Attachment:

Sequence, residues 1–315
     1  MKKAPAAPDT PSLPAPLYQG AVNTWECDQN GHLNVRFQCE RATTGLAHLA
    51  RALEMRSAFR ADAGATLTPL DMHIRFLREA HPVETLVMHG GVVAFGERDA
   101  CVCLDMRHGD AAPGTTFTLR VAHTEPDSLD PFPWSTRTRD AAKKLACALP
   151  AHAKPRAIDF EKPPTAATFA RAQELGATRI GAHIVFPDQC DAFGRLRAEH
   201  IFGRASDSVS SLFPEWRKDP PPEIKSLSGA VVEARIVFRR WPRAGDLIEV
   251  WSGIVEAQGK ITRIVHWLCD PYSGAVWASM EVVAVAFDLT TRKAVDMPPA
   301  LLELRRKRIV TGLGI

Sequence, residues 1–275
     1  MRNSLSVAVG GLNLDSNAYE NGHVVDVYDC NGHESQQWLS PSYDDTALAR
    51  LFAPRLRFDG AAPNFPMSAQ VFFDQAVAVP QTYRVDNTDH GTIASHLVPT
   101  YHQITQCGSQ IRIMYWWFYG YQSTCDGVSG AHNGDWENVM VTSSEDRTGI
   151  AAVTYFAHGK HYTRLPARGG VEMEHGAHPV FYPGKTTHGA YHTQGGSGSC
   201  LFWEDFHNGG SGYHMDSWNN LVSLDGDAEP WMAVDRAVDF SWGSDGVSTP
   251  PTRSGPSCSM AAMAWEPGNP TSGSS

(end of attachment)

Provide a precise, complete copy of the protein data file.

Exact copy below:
Sequence, residues 1–315
     1  MKKAPAAPDT PSLPAPLYQG AVNTWECDQN GHLNVRFQCE RATTGLAHLA
    51  RALEMRSAFR ADAGATLTPL DMHIRFLREA HPVETLVMHG GVVAFGERDA
   101  CVCLDMRHGD AAPGTTFTLR VAHTEPDSLD PFPWSTRTRD AAKKLACALP
   151  AHAKPRAIDF EKPPTAATFA RAQELGATRI GAHIVFPDQC DAFGRLRAEH
   201  IFGRASDSVS SLFPEWRKDP PPEIKSLSGA VVEARIVFRR WPRAGDLIEV
   251  WSGIVEAQGK ITRIVHWLCD PYSGAVWASM EVVAVAFDLT TRKAVDMPPA
   301  LLELRRKRIV TGLGI

Sequence, residues 1–275
     1  MRNSLSVAVG GLNLDSNAYE NGHVVDVYDC NGHESQQWLS PSYDDTALAR
    51  LFAPRLRFDG AAPNFPMSAQ VFFDQAVAVP QTYRVDNTDH GTIASHLVPT
   101  YHQITQCGSQ IRIMYWWFYG YQSTCDGVSG AHNGDWENVM VTSSEDRTGI
   151  AAVTYFAHGK HYTRLPARGG VEMEHGAHPV FYPGKTTHGA YHTQGGSGSC
   201  LFWEDFHNGG SGYHMDSWNN LVSLDGDAEP WMAVDRAVDF SWGSDGVSTP
   251  PTRSGPSCSM AAMAWEPGNP TSGSS